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Butterflies of the Amazon and Andes
Stichel's Nymphidium
Nymphidium plinthobaphis  STICHEL, 1910
Family - RIODINIDAE
subfamily - RIODININAE
Tribe - RIODININI
subtribe - NYMPHIDIINA

Nymphidium plinthobaphis, Rio Madre de Dios, Peru  Adrian Hoskins
Introduction
The triangular white patch on the forewings, broad white bands across the hindwings, and orange markings of this butterfly are found in 3 genera of Riodinidae - Synargis, Juditha and Nymphidium. The latter are more delicate in appearance than the others, and have narrower forewings. Other features which help distinguish Nymphidium include the ovoid bluish-white submarginal markings, and the orange bars in the discal cell of the forewings.
There are 33 species of Nymphidium distributed variously from Belize to Bolivia, with the greatest number of species being found in the upper Amazon of Brazil, Ecuador and Peru. Most are generally similar in appearance, varying mainly in the extent of the orange markings. In some species the orange is vestigial or absent, and in mantus the orange is replaced by a beautiful sapphire blue.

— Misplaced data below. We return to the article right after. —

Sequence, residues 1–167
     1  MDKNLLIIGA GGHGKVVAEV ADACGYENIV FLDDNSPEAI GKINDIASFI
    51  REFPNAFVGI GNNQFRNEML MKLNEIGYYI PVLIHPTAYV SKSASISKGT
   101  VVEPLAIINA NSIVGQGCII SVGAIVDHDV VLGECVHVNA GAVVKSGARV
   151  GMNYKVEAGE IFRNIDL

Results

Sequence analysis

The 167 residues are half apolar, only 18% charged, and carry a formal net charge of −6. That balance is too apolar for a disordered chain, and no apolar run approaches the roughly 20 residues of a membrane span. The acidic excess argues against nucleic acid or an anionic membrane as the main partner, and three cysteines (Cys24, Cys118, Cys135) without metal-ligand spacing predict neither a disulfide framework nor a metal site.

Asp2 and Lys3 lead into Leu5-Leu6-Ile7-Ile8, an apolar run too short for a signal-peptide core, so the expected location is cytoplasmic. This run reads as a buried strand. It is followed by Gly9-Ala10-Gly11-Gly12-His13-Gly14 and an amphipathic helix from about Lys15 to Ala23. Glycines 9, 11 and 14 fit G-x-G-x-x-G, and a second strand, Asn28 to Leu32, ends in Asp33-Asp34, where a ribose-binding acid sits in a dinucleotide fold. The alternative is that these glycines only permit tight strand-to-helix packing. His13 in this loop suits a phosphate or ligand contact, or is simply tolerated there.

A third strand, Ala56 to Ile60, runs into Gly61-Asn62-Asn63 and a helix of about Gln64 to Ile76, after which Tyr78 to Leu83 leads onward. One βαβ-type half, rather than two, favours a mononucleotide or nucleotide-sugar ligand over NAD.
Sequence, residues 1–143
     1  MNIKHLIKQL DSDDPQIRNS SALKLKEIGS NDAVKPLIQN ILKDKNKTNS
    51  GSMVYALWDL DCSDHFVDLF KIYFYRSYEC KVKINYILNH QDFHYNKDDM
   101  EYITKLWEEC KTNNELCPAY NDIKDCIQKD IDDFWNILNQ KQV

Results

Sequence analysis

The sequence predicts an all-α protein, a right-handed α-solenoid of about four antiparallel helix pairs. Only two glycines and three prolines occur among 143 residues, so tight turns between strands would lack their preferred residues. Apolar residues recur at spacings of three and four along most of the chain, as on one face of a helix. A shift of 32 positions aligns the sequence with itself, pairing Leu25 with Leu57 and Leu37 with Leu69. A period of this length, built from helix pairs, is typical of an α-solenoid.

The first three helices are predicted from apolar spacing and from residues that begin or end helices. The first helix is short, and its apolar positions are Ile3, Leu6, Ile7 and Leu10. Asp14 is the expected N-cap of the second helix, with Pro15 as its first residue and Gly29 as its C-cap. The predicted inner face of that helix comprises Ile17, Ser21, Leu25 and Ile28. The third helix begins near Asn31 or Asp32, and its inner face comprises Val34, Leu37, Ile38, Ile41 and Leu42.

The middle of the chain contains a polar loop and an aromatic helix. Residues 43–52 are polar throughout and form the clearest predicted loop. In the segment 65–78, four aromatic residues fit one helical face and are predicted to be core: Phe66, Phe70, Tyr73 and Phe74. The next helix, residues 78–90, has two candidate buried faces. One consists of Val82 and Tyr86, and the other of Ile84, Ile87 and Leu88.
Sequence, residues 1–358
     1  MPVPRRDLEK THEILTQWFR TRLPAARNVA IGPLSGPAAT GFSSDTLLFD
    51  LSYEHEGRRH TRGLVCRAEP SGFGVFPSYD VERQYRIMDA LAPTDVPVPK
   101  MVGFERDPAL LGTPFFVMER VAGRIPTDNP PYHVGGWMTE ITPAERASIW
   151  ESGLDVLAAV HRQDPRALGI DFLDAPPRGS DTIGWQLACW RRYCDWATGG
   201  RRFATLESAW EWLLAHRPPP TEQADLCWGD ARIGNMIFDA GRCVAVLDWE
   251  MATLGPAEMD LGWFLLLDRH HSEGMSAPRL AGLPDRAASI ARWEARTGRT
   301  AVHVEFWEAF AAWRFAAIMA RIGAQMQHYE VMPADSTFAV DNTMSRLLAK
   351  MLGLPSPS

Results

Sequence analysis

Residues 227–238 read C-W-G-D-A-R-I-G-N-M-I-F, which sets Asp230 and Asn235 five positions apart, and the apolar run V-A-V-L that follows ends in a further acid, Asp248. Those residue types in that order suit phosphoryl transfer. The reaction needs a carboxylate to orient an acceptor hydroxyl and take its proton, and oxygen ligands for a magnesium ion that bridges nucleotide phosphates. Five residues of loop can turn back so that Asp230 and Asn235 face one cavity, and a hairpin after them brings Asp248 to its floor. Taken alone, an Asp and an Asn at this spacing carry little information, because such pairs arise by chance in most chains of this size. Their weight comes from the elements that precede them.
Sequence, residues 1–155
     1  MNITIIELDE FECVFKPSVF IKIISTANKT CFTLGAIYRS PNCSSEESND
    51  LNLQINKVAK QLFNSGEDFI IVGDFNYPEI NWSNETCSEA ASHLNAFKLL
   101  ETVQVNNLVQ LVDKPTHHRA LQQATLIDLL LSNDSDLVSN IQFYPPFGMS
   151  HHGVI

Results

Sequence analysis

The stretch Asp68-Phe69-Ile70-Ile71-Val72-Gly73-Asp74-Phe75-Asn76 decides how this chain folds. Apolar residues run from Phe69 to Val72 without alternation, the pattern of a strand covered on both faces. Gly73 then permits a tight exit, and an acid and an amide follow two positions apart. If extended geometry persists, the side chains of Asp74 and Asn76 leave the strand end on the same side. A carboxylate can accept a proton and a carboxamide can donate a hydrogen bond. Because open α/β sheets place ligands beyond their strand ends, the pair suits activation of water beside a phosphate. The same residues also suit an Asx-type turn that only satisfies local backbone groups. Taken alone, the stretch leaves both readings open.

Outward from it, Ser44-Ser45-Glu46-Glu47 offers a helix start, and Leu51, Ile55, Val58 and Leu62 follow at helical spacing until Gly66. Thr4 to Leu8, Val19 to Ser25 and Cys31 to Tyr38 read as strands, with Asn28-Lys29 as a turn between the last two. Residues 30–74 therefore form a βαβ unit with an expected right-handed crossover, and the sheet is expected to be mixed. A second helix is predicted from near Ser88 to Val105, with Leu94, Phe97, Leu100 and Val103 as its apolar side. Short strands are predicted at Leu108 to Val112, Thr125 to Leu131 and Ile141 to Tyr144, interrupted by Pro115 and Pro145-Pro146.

Nymphidium plinthobaphis is a common and widespread species found in Brazil, Ecuador and Peru.
Habitats
This species is found in primary and disturbed rainforest and deciduous forest at altitudes between about 100-600m, and is found in glades and forest edges, along roadsides and riverbanks, and at large light gaps.
Lifecycle
The eggs of all Nymphidium species are white and are laid either singly or in small clusters on the stems or leaves of the larval foodplants which include Inga and possibly other Fabaceae. The larvae are green and devoid of setae. They live within rolled tubes at the edges of leaves. They possess a full set of ant organs indicating that they have a dependent or symbiotic relationship with the Azteca ants that attend them.
Adult behaviour

The butterflies are usually encountered in flight along sunny trails. They have a characteristic gentle fluttering flight at a height of about 2-3 metres, but spend long periods at rest beneath leaves, with wings outspread, and antennae pointing forward. Males occasionally settle on the ground to imbibe mineralised moisture but this behaviour is not habitual. Both sexes nectar at Alibertia, Psychotria, Croton, Lantana and Cordia flowers. The flight is weak and fluttery.

 

 

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